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Hi,

I was wondering if someone could help me with this sentence:

He tricked his class into believing that he was their friend:

I came up with....

Il fait croire à sa classe qu'il était un ami tout en étant au contraire

is my sentence right? I thought by the sense in english I would end up using the word "tricher" or anarquer but i couldn't really think of a way to throw it in.

thanks in advance

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Just be careful at the end: tout en étant le contraire.

il faisait faussement croire à sa classe qu'il était leur ami

One can add an adverb to underline the notion of "trick", though I'd say "faire croire" already contains that idea.

I think you could translate "tricked" by "duper" which is similar to "tricher" and "arnaquer" (but tricher is used for a game and arnaquer for money). Your sentence would be like this:

Il dupa sa classe en leur faisant croire qu'il était un ami.

By the way, don't forget to put the past simple in the French sentence (to translate "tricked").

I have thought about this for a few days now.I think I like "tromper" or "tricher" better than "duper" .
I think the idea of a card trick is what I would try to get across -the idea of playing a game on his class.

There is a difficulty (in my mind) of using an equivalent French construction to "into believing" (or "into anyverb -ing" - "such as ,for example "led into hoping" or "I am putting all my energy into hoping that") .
I suspect that this construction just doesn't exist in French.

If I did use "tromper" maybe I would say "Il a trompé/triché sa classe de manière à ce qu'elle croie qu'il etait leur ami"

"Il a triché sa classe" is not correct in French, it doesn't mean anything, so use "tromper". As I said, we use "tricher" for a sport or a game. Ex: Il a triché au Monopoly.

thanks! I am a little confused though.If you can say "il m'a triché" why wouldn't you say "il a triché sa classe" ? Is it just used in restricted circumstances?

I'm not sure why you perceive a problem with using the passé composé here. The passé simple could obviously be used if stylistically that's what you wanted, but it's certainly not necessary (and essentially impossible in many contexts).

1) "Duper sa classe" ne se dit pas en français.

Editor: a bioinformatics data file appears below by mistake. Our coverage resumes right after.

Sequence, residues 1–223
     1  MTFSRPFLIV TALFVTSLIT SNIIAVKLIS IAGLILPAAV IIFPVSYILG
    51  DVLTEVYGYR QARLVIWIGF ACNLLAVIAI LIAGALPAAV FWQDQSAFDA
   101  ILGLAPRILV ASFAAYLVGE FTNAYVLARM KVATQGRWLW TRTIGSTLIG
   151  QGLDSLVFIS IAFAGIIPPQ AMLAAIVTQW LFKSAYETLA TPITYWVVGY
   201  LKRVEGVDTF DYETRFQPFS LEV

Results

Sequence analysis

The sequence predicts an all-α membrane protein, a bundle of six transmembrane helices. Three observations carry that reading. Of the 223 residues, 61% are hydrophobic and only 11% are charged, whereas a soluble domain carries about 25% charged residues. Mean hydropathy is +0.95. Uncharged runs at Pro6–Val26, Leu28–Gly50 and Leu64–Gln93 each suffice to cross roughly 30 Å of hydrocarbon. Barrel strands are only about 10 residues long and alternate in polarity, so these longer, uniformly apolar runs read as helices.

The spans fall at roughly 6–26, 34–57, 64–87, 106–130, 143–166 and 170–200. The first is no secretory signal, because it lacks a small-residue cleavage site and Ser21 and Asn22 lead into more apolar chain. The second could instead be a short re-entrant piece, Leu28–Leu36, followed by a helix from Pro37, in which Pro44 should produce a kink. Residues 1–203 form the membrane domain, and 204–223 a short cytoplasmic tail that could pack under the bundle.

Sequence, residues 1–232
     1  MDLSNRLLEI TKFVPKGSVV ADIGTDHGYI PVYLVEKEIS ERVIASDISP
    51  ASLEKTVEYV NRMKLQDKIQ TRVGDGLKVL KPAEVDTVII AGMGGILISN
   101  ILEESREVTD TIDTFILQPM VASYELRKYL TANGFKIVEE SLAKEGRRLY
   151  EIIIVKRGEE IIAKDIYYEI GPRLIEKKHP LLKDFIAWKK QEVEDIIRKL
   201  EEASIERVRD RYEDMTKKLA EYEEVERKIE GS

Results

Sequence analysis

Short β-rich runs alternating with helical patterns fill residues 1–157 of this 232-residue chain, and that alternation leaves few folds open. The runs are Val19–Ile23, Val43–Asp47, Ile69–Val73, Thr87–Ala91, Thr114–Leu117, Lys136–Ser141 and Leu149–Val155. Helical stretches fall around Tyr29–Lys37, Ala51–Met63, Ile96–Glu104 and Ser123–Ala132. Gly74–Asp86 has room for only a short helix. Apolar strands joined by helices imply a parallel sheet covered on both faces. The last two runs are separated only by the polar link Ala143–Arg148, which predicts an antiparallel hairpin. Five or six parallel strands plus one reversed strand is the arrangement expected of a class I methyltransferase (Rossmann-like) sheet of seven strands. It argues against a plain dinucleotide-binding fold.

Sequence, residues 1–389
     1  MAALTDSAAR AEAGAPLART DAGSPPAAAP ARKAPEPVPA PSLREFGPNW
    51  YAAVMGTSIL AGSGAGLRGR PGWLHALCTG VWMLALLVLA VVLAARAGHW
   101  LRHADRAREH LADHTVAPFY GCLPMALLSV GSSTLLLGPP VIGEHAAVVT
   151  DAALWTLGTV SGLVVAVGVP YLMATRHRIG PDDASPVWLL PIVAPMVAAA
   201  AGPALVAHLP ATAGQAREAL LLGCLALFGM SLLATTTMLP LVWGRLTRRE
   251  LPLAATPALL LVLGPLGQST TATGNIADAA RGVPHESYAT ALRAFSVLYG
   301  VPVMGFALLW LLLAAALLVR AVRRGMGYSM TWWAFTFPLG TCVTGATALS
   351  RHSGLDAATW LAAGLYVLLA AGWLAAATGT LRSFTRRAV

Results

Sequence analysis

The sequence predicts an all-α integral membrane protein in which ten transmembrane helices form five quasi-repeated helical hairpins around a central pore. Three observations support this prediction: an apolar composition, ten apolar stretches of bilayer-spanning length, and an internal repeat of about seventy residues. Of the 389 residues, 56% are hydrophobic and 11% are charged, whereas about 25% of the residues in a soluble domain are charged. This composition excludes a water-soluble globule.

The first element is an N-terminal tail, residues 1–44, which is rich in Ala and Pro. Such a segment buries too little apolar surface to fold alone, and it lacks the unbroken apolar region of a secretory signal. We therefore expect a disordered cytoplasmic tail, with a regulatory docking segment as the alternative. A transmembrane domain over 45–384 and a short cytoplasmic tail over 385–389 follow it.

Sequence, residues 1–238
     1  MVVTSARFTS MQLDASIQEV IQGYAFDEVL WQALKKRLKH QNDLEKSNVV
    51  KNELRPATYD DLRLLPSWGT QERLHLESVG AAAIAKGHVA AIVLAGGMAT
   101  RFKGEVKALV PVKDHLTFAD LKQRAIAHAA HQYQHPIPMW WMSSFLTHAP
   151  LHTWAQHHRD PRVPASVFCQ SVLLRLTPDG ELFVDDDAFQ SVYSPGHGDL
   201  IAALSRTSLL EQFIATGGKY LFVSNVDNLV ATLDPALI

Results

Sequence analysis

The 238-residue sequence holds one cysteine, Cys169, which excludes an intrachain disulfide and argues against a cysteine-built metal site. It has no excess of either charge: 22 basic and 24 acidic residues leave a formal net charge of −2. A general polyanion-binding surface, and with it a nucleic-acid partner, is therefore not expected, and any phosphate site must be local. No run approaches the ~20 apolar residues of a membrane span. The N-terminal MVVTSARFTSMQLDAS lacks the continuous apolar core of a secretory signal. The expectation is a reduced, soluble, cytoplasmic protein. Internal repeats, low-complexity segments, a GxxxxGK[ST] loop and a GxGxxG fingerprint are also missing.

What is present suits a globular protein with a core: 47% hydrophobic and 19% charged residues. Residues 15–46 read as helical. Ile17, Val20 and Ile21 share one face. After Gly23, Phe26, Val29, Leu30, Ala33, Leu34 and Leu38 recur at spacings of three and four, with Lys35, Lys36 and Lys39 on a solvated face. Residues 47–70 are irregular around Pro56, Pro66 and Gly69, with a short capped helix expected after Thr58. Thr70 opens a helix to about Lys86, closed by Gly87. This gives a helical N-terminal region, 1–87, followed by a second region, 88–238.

2) le temps de la phrase dépend du contexte (passé simple texte plutôt littéraire; passé composé ou imparfait suivant le reste du texte) instinctivement j'aurais mis un imparfait ou un passé simple.

3) pour ce qui est de la structure "into + V-ing", le français traduit souvent par un infinitif introduit par une préposition.

ex: "into hoping that" = à espérer que / "led into hoping"= m'a conduit à penser que

Duper est un verbe transitif, donc je ne vois pas en quoi "sa classe" ne pourrait pas en être le COD... Certes, tu me diras, ce n'est pas très idiomatique, mais c'est correct.

I would like  to be able to say "

"Il a trompé sa classe à (leur) faire  croire qu'il   était   un  (leur) ami."

but I don't think  think it is allowed..

 

I think the construction "tricked into .... "  is a nice English  usage  that French hasn't learned to use.

You're right, it is not allowed; and you're also right we don't have that type of sturcture in French with prepositional verbs or at least, the number of prepositions associated with verbs is very limited.

If I may, I think your first suggestion -- notwithstanding tense and possessive -- was quite good actually.

It's interesting to note, though, that the construction with à could almost work if you were talking about a non-specific regular event rather than a specific occasion. It's probably not very natural in this case. But it would probably be more common in cases such as e.g.:

Il me fait peur à me regarder comme ça.

It's essentially the same construction you get in e.g.:

À le voir, on dirait qu'il ne se lave jamais.

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